Q: Oldham Street and the Northern Quarter do play a major part in Haven's existence. The Night & Day in particular seems to leave an imprint on anyone that visits, you guys and I Am Kloot always return to the place to play various low key shows
Gary: It's really important to keep places like this. I don't think people realize just how many bands exist or got a deal because of this place. I can't think of any Manchester band, probably as wide as any British band, that hasn't played here and been part of this venue.
Nat: Were genuinely thankful of this place and this is why we come back and it's why I Am Kloot come back. Given the fact that it's open throughout the days as well as being a venue at night it just becomes a focus point for creative people. Everyone that works here is doing something creative and just watching that go on is attractive in itself.
Q: Manchester at the moment is so diverse with no particular genre shining through. What do you think of the music scene now?
Gary: I've been here 5 years now and in the 5 years i've been here it's always been like this. Lots of little scenes in different parts of the city which is really really healthy I think. It's nice that you haven't got hundreds of kids at college with the same haircut as Liam Gallagher wanting to write songs like Oasis. The fact that it was once like that is all credit to Oasis, how quickly they came through and the impact they had on the country was almost unrivalled in my lifetime, but its nice that there seems to be a real hunger for something different. When we were younger we didn't want to be like anyone else. We couldn't because we lived in Cornwall we didn't listen to Radio 1 and we didn't have an HMV where you could go and buy the latest singles...all we had to go on was old records.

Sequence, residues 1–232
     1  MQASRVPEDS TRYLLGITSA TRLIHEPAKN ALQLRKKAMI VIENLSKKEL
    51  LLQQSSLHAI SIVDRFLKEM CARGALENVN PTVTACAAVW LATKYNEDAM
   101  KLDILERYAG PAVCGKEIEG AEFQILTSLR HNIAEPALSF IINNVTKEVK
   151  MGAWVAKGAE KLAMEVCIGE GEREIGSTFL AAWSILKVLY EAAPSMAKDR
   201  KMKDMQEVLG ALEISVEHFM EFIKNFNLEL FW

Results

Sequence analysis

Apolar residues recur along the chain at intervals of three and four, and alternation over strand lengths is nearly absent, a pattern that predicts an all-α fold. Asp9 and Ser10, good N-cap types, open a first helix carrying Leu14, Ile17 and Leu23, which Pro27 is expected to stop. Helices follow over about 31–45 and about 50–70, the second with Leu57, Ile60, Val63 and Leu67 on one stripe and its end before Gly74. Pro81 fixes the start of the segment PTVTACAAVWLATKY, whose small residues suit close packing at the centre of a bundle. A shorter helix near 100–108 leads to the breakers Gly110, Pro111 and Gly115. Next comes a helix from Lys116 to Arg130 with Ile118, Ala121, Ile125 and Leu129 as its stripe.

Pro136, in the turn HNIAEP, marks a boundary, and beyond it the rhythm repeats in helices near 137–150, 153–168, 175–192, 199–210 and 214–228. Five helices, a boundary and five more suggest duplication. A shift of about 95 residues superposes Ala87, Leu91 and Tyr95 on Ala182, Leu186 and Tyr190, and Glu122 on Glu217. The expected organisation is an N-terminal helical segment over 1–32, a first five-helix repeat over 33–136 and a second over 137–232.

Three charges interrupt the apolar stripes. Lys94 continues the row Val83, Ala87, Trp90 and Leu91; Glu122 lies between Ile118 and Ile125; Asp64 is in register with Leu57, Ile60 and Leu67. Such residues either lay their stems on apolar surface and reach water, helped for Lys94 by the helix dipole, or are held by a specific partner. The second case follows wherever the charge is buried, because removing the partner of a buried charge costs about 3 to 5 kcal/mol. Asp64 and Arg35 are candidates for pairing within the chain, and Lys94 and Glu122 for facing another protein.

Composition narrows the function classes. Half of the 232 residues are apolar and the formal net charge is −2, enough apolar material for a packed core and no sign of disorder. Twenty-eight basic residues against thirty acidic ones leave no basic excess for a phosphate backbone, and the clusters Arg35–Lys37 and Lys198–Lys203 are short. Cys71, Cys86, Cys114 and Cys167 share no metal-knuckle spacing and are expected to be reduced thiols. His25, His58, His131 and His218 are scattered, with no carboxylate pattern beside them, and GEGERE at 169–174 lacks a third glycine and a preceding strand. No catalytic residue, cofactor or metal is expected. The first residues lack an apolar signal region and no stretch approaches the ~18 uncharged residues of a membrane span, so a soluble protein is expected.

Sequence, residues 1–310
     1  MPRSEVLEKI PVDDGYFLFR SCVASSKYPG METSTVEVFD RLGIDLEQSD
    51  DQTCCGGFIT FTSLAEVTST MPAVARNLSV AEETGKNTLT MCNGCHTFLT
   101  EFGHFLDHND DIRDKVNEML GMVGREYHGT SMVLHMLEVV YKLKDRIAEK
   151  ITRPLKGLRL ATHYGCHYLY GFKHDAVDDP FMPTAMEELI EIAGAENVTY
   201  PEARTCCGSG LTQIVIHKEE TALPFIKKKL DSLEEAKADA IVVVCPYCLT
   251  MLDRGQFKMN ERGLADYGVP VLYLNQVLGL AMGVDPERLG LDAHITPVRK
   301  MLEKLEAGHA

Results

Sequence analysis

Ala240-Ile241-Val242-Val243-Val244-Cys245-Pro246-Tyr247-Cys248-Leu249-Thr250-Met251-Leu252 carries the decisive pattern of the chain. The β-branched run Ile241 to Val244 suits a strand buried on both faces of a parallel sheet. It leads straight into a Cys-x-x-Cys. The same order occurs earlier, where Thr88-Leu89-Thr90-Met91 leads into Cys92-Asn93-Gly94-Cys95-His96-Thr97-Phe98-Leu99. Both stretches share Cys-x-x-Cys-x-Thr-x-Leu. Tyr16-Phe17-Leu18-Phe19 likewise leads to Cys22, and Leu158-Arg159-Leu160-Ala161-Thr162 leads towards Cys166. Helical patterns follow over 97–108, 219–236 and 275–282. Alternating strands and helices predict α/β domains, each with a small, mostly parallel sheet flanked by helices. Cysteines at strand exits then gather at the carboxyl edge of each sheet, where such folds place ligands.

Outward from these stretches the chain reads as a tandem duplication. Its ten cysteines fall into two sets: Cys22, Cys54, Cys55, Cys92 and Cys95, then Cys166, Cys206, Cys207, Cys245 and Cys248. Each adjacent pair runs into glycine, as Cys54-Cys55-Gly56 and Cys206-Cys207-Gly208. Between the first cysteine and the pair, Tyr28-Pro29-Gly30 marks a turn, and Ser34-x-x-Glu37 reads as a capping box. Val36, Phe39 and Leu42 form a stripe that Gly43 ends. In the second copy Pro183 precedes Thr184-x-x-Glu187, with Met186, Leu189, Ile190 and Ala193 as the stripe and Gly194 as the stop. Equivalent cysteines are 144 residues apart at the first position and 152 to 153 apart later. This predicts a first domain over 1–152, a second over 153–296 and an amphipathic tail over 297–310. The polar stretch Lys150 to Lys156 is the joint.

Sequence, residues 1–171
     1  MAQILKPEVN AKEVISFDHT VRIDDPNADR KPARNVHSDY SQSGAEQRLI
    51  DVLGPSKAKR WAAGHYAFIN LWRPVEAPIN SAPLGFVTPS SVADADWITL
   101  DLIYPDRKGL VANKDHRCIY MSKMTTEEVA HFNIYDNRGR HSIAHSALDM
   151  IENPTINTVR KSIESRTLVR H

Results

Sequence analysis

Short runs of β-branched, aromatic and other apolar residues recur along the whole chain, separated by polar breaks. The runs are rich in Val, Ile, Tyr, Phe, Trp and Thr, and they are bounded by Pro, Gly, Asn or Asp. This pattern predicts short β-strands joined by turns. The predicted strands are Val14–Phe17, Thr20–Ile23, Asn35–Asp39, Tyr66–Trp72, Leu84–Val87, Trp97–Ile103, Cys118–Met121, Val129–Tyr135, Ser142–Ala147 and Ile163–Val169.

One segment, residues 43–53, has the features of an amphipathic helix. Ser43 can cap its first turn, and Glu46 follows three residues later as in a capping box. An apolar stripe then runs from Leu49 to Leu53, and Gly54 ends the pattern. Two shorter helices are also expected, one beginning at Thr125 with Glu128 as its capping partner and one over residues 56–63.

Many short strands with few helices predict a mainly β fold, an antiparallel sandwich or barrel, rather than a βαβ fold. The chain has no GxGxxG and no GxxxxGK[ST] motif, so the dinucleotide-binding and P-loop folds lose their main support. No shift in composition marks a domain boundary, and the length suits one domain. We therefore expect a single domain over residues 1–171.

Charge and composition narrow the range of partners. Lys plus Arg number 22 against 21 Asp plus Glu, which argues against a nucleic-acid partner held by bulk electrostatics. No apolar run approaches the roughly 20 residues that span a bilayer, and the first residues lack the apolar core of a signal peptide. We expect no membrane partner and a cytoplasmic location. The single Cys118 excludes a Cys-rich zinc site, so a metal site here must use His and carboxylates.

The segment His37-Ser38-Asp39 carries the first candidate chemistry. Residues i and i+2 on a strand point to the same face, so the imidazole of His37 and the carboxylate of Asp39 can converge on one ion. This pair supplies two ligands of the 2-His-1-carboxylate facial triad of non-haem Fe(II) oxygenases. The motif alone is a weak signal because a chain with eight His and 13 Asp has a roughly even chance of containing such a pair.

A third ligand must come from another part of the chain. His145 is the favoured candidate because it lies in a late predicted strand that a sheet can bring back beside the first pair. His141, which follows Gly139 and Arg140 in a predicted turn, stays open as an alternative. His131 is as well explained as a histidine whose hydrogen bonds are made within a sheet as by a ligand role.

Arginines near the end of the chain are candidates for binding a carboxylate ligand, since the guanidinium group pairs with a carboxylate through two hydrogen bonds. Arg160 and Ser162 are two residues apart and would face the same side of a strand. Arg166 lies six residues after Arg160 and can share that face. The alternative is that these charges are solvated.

Q: I don't think Haven fit into the scene now and I didn't think you fitted into the scene then.
Gary: Which is great innit? I'm not sure that the style over substance thing is necessarily anything new though. If you look at the Beatles, The Stones, The Who, The Pistols, The Clash - they were as much about fashion as they were about music and it's never really gone away. I don't think it's something to be scared off, you just either want to be part of it or you don't.
Nat: You've got to do what comes naturally all the time, that's what I think. All our influences are imbedded in us now.
Q: How have your personal life's recently affected the record. Obviously your illness Nat must have had some bearing on your outlook and how you approached the record?
Nat: I think it made me appreciate the position that were in and appreciate that there's a foreseeable path to a good life. Were only young and it inspired us to take chances and have a good stab at it. Personally speaking it strengthened me a hell of a lot and once again it makes you appreciate your life and the strength of your band members. It's one of those things that if someone would have told me it was going to be a positive thing i'd have knocked em out, but it was, in the long term it's been one of the best things that's happened to me cos i've got a grip of myself.
"All For A Reason" is out now
Haven tour throughout April / May